NORFOLK, Va. (WVEC) -- A storm is moving off the North Carolina coast, but forecasters say the chance of it becoming tropical are dropping.
The National Weather Service issued a tropical from Cape Lookout, North Carolina to Duck along the Outer Banks. A tropical storm watch from Little River, South Carolina, to Surf City has been discontinued.
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As of 2 p.m., the storm has maximum sustained winds of 40 mph and is moving northeast at 20 mph. It is now about 20 miles west-northwest of Cape Hatteras.
The National Weather Center reports that the chances of this system will probably not become a named tropical storm, and instead become extra-tropical by Tuesday evening.
Heavy Rain/minor flooding, strong winds, large waves and minor coastal flooding expected today as a coastal low moves across the area. pic.twitter.com/EVPB4Q8trL— NWS Wakefield (@NWSWakefieldVA) August 29, 2017
Poor weather conditions are still expected across the area on Tuesday, regardless of whether or not the storm is given a name. The system could bring up to 3 inches of rain to the Outer Banks and Hampton Roads, before it heads out to sea on Tuesday night.
The forecast track is to take it right through Hampton Roads on Tuesday. This means tropical storm conditions are likely for at least some portions of Hampton Roads, with the main threats being gusty winds, excessive rainfall and coastal flooding.
Parts of Norfolk became flooded during Tuesday's morning rush hour, with several cars becoming stalled out. Remember to never drive your vehicle into water of unknown depth!
The City of Norfolk has opened a parking garage for residents, ahead of anticipated tidal flooding on Tuesday afternoon.
Dominion Energy crews worked to prepare the region, since potential high winds could cause outages throughout the area.
As of 1:50 p.m., approximately 3,080 customers were without power in Hampton Roads, with the majority in the cities of Norfolk and Hampton.
To report an outage to Dominion or to see total outages click HERE.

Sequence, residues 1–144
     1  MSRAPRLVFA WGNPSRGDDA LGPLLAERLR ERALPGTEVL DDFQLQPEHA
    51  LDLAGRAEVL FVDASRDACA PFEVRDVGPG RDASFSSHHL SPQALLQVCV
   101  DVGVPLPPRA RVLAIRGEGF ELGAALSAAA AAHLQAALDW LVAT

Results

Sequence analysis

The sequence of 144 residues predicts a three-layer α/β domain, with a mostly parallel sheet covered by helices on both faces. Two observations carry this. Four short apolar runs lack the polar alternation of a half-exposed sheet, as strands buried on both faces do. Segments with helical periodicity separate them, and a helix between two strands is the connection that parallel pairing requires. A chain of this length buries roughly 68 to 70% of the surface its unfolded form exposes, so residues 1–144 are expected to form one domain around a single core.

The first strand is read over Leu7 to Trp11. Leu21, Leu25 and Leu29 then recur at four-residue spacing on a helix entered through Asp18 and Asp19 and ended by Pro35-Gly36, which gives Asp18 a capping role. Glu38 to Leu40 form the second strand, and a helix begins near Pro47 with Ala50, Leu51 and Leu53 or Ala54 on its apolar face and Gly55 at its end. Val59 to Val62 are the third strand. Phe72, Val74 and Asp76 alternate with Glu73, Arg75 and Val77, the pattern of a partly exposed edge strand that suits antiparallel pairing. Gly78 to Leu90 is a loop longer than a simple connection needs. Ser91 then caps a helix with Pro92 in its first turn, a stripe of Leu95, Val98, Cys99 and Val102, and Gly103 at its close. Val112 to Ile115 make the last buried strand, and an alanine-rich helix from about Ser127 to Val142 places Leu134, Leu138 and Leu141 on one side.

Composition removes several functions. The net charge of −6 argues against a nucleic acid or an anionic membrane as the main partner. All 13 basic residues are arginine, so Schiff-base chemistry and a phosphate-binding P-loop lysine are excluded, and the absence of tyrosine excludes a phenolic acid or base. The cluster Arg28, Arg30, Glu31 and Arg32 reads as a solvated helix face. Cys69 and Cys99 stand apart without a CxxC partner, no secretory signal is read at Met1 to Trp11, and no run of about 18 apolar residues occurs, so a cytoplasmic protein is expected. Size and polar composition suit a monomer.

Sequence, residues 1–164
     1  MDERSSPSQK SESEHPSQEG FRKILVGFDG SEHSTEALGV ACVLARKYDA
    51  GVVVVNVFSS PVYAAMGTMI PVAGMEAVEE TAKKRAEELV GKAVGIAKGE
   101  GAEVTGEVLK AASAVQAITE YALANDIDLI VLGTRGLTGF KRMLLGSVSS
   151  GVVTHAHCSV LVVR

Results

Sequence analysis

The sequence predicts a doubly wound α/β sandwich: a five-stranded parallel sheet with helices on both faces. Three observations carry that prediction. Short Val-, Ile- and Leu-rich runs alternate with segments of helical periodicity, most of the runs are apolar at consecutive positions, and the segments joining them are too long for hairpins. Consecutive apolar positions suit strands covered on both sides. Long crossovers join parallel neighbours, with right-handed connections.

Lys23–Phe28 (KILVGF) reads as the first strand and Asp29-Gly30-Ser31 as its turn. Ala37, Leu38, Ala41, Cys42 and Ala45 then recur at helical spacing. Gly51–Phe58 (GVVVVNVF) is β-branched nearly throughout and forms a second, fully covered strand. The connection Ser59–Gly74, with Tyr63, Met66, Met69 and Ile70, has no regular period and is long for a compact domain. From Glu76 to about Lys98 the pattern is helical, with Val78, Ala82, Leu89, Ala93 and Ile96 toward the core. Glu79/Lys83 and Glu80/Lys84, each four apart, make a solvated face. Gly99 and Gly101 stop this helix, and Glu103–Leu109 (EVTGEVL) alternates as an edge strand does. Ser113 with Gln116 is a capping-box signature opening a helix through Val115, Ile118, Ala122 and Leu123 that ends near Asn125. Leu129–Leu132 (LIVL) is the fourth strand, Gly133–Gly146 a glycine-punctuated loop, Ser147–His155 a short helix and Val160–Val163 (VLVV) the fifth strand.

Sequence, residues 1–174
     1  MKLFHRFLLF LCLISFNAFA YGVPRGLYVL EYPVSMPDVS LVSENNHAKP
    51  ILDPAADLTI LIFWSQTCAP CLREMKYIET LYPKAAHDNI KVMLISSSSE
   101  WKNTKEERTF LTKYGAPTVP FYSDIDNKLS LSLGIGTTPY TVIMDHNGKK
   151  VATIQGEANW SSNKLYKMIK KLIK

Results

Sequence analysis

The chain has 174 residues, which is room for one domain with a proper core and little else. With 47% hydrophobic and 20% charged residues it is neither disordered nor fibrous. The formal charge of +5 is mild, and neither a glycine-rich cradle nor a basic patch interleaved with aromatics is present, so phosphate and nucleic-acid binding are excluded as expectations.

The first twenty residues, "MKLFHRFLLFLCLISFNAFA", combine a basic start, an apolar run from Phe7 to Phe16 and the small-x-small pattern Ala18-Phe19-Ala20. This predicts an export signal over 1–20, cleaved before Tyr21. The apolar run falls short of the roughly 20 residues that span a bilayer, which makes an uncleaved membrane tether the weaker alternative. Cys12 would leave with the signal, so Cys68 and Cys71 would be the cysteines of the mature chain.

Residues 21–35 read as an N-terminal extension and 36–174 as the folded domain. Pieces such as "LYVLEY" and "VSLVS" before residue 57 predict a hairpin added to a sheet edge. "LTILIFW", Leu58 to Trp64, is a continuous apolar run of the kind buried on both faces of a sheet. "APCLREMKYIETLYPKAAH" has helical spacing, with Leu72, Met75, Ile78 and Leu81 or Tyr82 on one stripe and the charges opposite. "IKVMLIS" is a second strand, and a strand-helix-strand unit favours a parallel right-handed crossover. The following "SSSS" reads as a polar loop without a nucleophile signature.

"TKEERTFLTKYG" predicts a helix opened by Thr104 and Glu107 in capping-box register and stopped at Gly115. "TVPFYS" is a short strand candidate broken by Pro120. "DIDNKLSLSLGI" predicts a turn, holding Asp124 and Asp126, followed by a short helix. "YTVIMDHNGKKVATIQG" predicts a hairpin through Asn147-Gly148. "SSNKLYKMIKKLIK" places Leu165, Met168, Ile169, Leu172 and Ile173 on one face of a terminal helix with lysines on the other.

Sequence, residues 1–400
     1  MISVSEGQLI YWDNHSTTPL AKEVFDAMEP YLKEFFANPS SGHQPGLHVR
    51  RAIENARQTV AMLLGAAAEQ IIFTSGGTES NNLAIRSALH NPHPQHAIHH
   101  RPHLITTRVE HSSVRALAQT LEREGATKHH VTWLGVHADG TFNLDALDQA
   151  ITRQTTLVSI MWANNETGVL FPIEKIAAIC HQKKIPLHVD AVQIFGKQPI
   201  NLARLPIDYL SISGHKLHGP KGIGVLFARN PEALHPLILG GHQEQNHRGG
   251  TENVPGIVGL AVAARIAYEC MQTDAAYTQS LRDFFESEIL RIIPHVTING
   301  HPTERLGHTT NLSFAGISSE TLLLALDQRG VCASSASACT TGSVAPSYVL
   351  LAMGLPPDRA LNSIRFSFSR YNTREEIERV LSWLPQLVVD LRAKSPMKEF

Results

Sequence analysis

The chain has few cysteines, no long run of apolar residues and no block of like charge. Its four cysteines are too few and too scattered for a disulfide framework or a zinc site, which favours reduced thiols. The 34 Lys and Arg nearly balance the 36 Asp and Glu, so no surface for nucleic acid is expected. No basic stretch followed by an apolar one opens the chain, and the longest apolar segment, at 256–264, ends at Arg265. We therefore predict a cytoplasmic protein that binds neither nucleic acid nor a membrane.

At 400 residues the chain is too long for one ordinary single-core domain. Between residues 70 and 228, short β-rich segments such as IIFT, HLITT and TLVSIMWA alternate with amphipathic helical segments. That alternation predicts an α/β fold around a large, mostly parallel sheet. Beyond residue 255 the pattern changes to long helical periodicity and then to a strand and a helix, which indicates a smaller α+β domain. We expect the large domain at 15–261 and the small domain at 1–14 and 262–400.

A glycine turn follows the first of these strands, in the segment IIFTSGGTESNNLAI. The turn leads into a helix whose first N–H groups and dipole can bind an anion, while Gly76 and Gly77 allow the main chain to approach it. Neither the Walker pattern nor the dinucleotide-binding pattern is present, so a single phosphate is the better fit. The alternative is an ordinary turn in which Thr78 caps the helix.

Across Hampton Roads and in the Outer Banks, cities already have a plan in place in the event a storm does hit the area.
Dare County said on Monday that residents and visitors should prepare now, before the storm's arrival.
In Chowan County, North Carolina, officials said they expect rain total between Monday and Wednesday will range from 3 to 5 inches. No evacuations are anticipated for Chowan County or the Town of Edenton at this time.
In Virginia Beach, their top priority is saving lives. According to their emergency operations plan, that includes protecting the health and safety of the public, first responders, and recovery workers. Those efforts are coordinated through a city framework. They're encouraging people to put away items that can blow around.
Before the rain and wind starts, secure items outside that could become projectiles. https://t.co/Tg2vh5HcYS— Virginia Beach (@CityofVaBeach) August 28, 2017
In Norfolk, safety officials meet once a month to discuss their plan. The city's Department of Emergency Management sent out an alert late Sunday night., saying they're monitoring the weather. 13NewsNow is told Public Works is also clearing storm drains.
Emergency Operations Center staff monitoring tropical system which is forecasted to produce elevated levels of tidal flooding over the next— Norfolk EOC (@TeamNorfolkEOC) August 27, 2017
In Hampton, Emergency Management is keeping city departments updated on what to expect. The city has evacuation zone maps available on its website.
The Associated Press contributed to this report.
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